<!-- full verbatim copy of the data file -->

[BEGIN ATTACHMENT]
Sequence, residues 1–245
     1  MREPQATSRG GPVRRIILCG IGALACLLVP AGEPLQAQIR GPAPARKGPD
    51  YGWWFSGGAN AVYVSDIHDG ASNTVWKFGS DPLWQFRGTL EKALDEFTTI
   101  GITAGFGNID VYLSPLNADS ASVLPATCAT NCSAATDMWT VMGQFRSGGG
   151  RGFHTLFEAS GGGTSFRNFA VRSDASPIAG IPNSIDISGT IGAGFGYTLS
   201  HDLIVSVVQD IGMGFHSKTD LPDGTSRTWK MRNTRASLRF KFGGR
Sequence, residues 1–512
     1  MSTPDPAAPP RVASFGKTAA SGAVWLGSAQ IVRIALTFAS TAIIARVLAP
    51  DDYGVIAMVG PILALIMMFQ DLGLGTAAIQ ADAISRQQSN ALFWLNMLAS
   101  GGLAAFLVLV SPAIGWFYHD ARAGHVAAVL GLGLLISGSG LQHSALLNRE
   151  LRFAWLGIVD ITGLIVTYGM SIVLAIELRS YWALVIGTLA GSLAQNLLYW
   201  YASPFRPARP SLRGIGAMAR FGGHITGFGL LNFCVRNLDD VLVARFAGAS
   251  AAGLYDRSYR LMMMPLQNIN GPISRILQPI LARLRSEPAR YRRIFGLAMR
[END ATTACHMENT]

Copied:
Sequence, residues 1–245
     1  MREPQATSRG GPVRRIILCG IGALACLLVP AGEPLQAQIR GPAPARKGPD
    51  YGWWFSGGAN AVYVSDIHDG ASNTVWKFGS DPLWQFRGTL EKALDEFTTI
   101  GITAGFGNID VYLSPLNADS ASVLPATCAT NCSAATDMWT VMGQFRSGGG
   151  RGFHTLFEAS GGGTSFRNFA VRSDASPIAG IPNSIDISGT IGAGFGYTLS
   201  HDLIVSVVQD IGMGFHSKTD LPDGTSRTWK MRNTRASLRF KFGGR
Sequence, residues 1–512
     1  MSTPDPAAPP RVASFGKTAA SGAVWLGSAQ IVRIALTFAS TAIIARVLAP
    51  DDYGVIAMVG PILALIMMFQ DLGLGTAAIQ ADAISRQQSN ALFWLNMLAS
   101  GGLAAFLVLV SPAIGWFYHD ARAGHVAAVL GLGLLISGSG LQHSALLNRE
   151  LRFAWLGIVD ITGLIVTYGM SIVLAIELRS YWALVIGTLA GSLAQNLLYW
   201  YASPFRPARP SLRGIGAMAR FGGHITGFGL LNFCVRNLDD VLVARFAGAS
   251  AAGLYDRSYR LMMMPLQNIN GPISRILQPI LARLRSEPAR YRRIFGLAMR